Paving The Way To Possible Employment?


When I was 17 years old, I needed money for books and transit for college next year, so I needed a job. All I had back in those days was my friends and neighbours, the newspaper classifieds, and my two feet. The latter were put to good use as I went into each store to inquire about work, up and down Yonge Street and along Eglinton Avenue West. While it was a classmate who got me a job as a cleaner at the Eglinton Theatre, I was considered by some of the store owners as a possible hire, so it was not a fruitless effort. I also lost 10 pounds from all that walking!

Flash forward to the modern age of the Internet and Ipads in the 21st Century. I posed a question during a workshop on “The Hidden Job Market” to a presenter about “pounding the pavement” to find work (a question that I will ask again at another job search centre during a second workshop). I was told, bluntly, that “no one does that any more, because it’s inefficient and you should concentrate on your network of contacts”.

Well, I’ve been concentrating on my contacts for the last two years. While I’m not blaming any of them for anything, as they have been really amazing in passing tips and suggestions on where to send my resume, I still haven’t found a job. I’m also in the same position now that I was when I was 17 years old, but it’s not books and the Metropass that I need, it’s rent, food, and everything else. I’m running out of money and I am running out of time. With the summer here and companies entering into hiring hibernation because people have vacations and barbeques on their minds, I knew I have to do something. It was at that point I remembered my first steps taken to landing a “real job” when I was a teenager.

I figured since I’m not getting as many calls for interviews from my job applications online, it was time to try a little experiment. On Saturday (June 16) I woke up at 7:30 a.m. to prepare to canvass the stores at Eglinton and Yonge. I had breakfast, washed, trimmed my beard, printed some resumes off and placed them in the bag you see in the picture, put on a clean shirt and tie, and went out the door.

I will admit I was feeling a little blurry that morning (and you thought it was my cellphone being out of focus?). Rising early on a Saturday is practically a heresy my body and spirit reminded me repeatedly about as I was getting ready to go, but out the door I went despite the protests. I spent a little over 4 hours walking up and down Yonge Street and along Eglinton East, visiting stores and offices and companies to inquire about jobs. The response from the people I spoke with ranged from indifference bordering on rudeness to very supportive and helpful. Here are three examples from the latter group that I felt justified my efforts. I won’t mention the name of the people I spoke with, but I will mention the company names: Chapters-Indigo, CIBC, and Carlton Cards. Interestingly, all three were at the intersection of Yonge and Eglinton, though I think that was just coincidence. Before I continue, I’d like to say to those three companies that your staff have excellent customer service skills. Well done!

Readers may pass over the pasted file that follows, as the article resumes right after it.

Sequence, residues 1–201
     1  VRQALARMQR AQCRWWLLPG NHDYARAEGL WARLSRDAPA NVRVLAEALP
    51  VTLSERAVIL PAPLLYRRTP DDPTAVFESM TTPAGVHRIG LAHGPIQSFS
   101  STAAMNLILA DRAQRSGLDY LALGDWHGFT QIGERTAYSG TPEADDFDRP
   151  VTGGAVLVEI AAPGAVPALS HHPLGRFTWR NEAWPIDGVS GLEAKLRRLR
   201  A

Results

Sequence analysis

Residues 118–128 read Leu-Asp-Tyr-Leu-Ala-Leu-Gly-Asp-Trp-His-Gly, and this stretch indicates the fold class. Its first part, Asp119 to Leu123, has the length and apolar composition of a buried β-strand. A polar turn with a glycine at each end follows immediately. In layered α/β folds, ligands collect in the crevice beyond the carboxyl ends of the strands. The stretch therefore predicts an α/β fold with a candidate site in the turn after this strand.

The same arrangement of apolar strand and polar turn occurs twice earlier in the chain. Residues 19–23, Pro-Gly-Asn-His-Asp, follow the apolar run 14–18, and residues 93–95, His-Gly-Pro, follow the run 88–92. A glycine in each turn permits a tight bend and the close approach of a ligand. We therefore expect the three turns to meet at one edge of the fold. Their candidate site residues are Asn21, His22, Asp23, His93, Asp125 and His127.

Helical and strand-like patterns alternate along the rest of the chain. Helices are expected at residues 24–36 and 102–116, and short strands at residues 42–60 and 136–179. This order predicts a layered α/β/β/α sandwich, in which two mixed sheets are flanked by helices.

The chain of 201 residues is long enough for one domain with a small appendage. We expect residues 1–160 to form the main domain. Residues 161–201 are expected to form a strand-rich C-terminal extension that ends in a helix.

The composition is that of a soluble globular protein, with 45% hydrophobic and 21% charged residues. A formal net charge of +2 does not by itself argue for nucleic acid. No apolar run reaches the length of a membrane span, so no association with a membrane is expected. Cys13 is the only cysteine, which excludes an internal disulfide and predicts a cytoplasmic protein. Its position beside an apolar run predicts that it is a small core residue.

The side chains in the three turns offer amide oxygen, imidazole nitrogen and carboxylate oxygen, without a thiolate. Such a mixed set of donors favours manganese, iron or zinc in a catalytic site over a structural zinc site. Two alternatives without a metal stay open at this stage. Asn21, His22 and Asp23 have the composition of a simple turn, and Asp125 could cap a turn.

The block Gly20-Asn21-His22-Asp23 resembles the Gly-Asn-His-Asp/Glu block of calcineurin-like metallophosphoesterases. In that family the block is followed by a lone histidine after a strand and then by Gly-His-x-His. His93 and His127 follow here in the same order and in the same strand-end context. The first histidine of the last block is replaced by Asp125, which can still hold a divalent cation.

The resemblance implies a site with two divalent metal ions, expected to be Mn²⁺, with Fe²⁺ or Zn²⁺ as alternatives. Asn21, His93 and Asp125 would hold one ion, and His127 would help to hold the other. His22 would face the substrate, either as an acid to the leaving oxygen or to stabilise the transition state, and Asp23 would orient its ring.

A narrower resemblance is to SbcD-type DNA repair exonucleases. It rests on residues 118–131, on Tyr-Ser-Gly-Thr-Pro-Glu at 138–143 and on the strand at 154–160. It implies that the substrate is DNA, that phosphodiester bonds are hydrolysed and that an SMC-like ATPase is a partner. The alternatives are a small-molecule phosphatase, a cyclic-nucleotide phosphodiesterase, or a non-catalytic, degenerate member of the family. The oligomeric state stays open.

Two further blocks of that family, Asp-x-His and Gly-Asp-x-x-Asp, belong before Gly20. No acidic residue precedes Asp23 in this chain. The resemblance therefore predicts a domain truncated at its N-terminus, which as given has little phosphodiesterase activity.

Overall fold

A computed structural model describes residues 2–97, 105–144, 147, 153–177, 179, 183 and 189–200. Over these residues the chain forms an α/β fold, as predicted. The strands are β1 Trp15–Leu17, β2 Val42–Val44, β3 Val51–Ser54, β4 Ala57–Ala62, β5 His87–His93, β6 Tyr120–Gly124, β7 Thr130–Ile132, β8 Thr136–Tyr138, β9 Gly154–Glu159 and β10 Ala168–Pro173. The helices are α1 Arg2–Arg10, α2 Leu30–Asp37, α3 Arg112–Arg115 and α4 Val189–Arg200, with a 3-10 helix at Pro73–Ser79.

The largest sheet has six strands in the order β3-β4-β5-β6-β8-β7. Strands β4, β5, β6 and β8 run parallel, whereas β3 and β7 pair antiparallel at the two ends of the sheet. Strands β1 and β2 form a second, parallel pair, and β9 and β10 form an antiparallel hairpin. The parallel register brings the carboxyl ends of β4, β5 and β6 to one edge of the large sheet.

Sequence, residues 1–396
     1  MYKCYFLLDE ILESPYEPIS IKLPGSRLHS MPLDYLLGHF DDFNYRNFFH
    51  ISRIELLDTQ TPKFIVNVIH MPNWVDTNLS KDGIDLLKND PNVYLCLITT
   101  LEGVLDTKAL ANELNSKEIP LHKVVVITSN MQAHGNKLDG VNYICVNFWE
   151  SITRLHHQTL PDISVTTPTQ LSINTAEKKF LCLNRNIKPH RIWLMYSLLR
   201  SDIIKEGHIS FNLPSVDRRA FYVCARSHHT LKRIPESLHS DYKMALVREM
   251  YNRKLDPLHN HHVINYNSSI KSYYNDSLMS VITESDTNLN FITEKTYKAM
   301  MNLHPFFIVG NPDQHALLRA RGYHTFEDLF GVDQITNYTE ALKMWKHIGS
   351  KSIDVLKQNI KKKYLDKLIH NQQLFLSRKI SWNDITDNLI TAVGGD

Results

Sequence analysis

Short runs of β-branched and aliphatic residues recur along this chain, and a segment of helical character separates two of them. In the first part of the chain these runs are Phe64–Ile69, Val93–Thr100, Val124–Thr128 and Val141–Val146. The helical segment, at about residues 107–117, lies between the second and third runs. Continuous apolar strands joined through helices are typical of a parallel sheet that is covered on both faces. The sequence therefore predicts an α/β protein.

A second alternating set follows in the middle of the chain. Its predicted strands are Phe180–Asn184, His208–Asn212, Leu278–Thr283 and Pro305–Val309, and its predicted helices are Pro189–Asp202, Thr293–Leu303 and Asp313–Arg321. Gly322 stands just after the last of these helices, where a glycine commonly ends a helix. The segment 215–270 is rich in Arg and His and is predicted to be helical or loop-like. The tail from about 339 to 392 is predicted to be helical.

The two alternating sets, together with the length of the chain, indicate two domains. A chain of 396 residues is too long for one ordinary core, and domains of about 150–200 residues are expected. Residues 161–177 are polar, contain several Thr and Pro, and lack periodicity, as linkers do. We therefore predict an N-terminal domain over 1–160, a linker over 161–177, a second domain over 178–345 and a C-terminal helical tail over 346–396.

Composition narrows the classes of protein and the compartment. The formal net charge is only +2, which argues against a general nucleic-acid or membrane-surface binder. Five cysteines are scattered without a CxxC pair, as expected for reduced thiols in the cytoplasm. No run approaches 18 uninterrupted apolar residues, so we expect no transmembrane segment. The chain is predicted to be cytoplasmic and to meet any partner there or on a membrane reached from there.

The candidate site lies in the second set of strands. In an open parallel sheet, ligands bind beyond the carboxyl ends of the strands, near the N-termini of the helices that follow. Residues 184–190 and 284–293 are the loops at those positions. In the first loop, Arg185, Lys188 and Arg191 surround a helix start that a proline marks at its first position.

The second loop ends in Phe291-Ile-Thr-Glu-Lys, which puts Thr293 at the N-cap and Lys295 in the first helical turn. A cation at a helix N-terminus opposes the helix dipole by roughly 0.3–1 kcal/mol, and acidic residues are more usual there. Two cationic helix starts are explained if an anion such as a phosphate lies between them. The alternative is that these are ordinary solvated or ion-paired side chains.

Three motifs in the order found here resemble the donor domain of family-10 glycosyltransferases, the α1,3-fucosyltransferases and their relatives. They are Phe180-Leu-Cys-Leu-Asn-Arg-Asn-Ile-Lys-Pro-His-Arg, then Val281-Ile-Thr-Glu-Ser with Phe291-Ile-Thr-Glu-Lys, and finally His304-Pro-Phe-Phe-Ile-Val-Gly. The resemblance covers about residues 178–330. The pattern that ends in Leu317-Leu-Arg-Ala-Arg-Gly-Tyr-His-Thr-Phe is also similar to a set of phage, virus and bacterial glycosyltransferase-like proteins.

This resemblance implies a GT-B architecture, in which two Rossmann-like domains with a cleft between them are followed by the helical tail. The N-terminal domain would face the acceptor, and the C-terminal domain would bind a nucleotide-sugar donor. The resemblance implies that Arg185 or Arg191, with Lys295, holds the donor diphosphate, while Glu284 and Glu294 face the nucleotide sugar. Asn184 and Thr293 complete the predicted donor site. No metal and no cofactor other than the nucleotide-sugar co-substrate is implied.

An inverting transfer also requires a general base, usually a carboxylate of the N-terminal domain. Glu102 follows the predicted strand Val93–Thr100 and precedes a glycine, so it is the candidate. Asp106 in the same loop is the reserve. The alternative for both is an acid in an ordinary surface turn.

The young lady at Chapters-Indigo was really pleasant and told me that applying for positions at the company was done online after setting up a profile there. That conversation lasted about 2 minutes but she did give me the URL to go to and wished me luck in my job search.

A woman at CIBC really went the extra mile for me. I got the impression she was the assistant manager, but I was not sure. All I remember is that the moment I walked in the door, she came to me and asked if I needed help with anything (very nice!). When I told her I was looking for information on how to apply to this CIBC branch for any positions available, she spent just over 5 minutes explaining to me on the many ways that I could apply at CIBC, including filling out a profile online. She also offered to take my resume and personally deliver it to the bank manager of the branch. When she noticed on my resume that I was in information technology, she enthusiastically told me it was a good career to be in and that I should continue along that track, adding also that she wished she was in information technology. She clearly had great people skills.

For Carlton Cards, I had to wait in line to speak to someone at the cash register, which I did not mind too much as it was a short wait. I explained to her that I wanted to apply for a job at this store. She said I could fill out an application form but there were no openings available. She did take my resume, though, and was very courteous and friendly. That conversation was the shortest, about 30 to 45 seconds.

So, what’s my final take on this experiment? Well, I think it’s worth continuing for the summer at least, since I’m not getting as many call-backs to positions I applied for online at places like Monster, Workopolis and TorontoJobShop. Since that Saturday morning, I’ve gone to other businesses near my area to personally hand-deliver my resume. There’s nothing wrong with tweaking a job-search plan a bit to try to get more nibbles.

Besides, it’s the summertime! Shouldn’t we be outdoors more during that time?

Thanks for reading!

David

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